CLEVELAND (AP) — Iman Shumpert went from odd-man out to go-to guy in just two games.
Cleveland’s enigmatic shooting guard never even peeled off his warmups off in the series opener against Indiana, exiled to coach Tyronn Lue’s bench as a high-salaried cheerleader.
This was Shumpert’s playoff nightmare, and the demotion stung as he had never sat out a game before in his six-year career when healthy and in uniform.
On Monday night, Shumpert got a reprieve and made the most of it.
Needed to start the second half after J.R. Smith‘s left hamstring tightened up, Shumpert provided scoring, defensive pressure on Paul George and some attitude as Cleveland survived another late rally by Indiana for a 117-111 win to take a 2-0 lead in their Eastern Conference series.
“What I saw was a true professional,” LeBron James said of Shumpert, whose struggles late in the regular season led to his Game 1 benching. “We needed it. We needed that energy from him.”
The Cavs, who got 89 points from their Big 3 of James, Kyrie Irving and Kevin Love in Game 2, may need more from Shumpert if Smith’s injury lingers. Smith wasn’t happy the Cavs’ medical staff kept him out of the game and vowed he’d be ready for Game 3 on Thursday night in Indianapolis.
“If they let me play, I’ll play,” he said. “My leg ain’t broke.”
Cleveland didn’t practice on Tuesday, choosing the first of two days off before Thursday’s Game 3 at Indianapolis for rest and treatment.
Smith was visibly upset at the team’s decision to sit him in the second half. He emerged from the locker room after his teammates and immediately took a seat on the baseline floor. Guard Deron Williams briefly spoke to Smith, who has struggled with consistency after missing three months following surgery for a broken right thumb.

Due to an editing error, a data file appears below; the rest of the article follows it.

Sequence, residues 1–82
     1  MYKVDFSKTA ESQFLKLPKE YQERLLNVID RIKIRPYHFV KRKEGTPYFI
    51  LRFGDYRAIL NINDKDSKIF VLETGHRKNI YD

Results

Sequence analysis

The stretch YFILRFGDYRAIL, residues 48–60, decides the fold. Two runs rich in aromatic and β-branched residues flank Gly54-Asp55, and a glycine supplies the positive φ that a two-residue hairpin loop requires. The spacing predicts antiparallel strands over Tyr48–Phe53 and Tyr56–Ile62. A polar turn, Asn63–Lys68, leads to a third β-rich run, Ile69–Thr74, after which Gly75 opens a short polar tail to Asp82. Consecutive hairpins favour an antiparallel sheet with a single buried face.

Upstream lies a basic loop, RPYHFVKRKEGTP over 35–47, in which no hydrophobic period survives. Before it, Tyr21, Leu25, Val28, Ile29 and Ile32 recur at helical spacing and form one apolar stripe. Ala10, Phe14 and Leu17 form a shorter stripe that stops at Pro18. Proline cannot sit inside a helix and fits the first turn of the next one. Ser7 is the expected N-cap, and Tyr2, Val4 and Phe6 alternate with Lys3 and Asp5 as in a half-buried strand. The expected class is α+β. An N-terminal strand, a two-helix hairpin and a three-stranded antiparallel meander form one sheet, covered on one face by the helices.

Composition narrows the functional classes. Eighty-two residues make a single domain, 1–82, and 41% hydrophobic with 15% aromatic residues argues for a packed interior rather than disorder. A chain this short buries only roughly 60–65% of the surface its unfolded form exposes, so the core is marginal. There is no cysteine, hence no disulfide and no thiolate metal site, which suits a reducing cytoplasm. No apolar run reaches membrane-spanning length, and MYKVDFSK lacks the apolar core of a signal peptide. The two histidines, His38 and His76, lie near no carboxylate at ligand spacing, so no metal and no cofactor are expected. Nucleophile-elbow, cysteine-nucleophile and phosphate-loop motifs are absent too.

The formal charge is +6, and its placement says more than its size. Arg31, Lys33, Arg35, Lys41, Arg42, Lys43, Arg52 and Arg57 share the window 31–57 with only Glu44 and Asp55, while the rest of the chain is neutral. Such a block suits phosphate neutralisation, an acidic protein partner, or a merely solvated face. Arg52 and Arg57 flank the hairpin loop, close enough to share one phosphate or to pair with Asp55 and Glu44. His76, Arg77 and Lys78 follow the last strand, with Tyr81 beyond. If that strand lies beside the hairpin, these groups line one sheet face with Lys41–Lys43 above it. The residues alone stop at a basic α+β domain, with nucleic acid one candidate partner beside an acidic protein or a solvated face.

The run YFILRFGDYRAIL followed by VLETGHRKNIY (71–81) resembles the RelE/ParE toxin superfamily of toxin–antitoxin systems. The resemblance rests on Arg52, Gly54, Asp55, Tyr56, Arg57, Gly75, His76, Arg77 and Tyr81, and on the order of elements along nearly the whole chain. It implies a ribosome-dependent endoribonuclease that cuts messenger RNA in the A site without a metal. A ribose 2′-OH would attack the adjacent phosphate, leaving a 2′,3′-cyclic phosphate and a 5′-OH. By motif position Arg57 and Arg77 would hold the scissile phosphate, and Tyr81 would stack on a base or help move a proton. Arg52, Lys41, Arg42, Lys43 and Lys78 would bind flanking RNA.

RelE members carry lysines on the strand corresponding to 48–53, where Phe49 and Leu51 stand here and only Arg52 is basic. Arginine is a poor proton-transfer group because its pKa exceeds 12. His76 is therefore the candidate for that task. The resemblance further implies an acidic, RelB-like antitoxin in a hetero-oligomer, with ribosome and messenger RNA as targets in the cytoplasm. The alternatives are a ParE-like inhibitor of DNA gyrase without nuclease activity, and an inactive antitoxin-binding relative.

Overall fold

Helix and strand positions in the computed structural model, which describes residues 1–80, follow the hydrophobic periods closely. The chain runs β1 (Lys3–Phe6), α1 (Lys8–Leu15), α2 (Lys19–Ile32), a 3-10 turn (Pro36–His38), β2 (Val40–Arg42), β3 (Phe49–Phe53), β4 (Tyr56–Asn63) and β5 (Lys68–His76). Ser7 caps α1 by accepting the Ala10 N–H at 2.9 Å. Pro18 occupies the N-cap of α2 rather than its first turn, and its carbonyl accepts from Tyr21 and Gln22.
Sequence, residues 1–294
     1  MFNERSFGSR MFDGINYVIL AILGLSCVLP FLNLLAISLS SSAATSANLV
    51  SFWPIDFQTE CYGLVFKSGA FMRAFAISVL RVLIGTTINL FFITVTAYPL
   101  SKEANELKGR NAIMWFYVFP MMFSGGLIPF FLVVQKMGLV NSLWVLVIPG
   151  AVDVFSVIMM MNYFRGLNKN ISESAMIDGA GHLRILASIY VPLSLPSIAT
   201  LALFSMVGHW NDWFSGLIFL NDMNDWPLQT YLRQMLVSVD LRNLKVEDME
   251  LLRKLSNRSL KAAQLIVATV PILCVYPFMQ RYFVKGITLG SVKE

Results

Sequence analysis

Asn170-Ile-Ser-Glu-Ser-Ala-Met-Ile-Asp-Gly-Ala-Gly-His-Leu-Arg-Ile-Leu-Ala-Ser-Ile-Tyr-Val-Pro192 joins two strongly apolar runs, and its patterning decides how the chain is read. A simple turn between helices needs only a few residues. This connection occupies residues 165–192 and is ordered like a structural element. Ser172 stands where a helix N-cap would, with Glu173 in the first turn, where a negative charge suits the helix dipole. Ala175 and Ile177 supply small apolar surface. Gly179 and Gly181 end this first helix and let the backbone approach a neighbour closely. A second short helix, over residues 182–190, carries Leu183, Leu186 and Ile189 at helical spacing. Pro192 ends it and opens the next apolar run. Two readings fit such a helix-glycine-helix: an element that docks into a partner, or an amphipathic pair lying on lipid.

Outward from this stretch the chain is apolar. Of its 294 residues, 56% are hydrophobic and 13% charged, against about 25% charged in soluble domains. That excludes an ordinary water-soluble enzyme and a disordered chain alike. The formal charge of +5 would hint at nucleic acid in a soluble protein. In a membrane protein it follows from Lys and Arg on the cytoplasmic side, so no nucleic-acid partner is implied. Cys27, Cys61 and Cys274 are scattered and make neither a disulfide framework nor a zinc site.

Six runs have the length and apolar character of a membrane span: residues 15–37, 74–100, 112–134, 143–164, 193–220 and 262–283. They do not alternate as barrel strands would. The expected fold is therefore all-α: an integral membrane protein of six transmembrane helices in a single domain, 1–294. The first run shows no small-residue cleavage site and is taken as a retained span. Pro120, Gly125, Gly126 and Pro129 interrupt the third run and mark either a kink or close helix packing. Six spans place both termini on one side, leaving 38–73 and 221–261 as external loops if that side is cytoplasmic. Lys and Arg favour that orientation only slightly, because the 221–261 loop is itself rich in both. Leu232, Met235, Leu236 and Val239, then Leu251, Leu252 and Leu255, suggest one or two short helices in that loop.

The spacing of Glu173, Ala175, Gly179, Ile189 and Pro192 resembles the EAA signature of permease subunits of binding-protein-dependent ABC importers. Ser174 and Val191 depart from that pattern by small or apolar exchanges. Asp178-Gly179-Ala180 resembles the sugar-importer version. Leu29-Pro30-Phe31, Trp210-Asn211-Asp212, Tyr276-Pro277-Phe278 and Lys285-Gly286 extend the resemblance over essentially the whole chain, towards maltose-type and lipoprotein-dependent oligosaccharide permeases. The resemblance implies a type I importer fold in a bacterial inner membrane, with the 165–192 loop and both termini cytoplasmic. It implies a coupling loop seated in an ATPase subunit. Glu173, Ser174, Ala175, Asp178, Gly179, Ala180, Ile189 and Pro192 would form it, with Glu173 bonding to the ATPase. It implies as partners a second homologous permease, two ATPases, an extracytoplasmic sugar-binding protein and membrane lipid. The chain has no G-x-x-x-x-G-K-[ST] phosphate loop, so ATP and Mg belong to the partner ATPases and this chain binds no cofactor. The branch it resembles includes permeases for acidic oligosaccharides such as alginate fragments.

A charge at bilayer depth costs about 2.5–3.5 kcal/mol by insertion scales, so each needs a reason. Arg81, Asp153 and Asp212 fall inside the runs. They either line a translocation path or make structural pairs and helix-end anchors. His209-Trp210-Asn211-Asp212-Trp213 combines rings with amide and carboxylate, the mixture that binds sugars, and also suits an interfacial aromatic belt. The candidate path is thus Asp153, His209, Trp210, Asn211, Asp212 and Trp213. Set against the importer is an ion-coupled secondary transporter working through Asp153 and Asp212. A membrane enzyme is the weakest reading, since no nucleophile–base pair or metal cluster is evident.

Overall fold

If Smith can’t go in Game 3, the Cavs will likely start Shumpert, who did a nice job harassing George during the third quarter when the Cavs took control and opened a 19-point lead.
Shumpert picked up a foul guarding George in his first 30 seconds on the floor before knocking down a 3-pointer from the corner, forcing Indiana coach Nate McMillan to call time. On his way back to the bench, Shumpert stomped past teammates with a look of defiance. He may have still been fuming at being left out of the rotation in the opener, but he was taking out his frustration on the Pacers.
Later in the quarter, Shumpert forced a jump ball when he tied up George near the sideline and then sneered at Indiana’s star forward. He finished with five points in 20 minutes, but his contributions went way beyond the box score.
“Shump was unbelievable,” Lue said. “Just staying ready, being professional. He came in and made it tough on Paul George. We held Paul George to four points in that third quarter where our defense was really good. Shump sparked that, made a couple shots for us also. Just his energy defensively, made a couple shots, his tenacity it was really good for us. We needed that spark.”
Maybe that spark will ignite a larger fire in the defending champions, who allowed a big lead in the fourth quarter to nearly disappear again before finishing off the Pacers.
If nothing else, Shumpert’s performance was a reminder that depth is crucial in the playoffs, things can change quickly because of injuries and benches often shrink in crunch time.
It wasn’t long ago that Shumpert was starting, but a poor stretch from mid-March until the final regular season game damaged Lue’s confidence in him. To his credit, Shumpert didn’t hang his head, knowing that there might be a time when he was needed.
It arrived and he delivered.
“He’s been great on the bench, cheering guys on, keeping guys motivated and when it was his turn to play, he stepped up and played well,” Lue said. “That’s what we need from Shump.”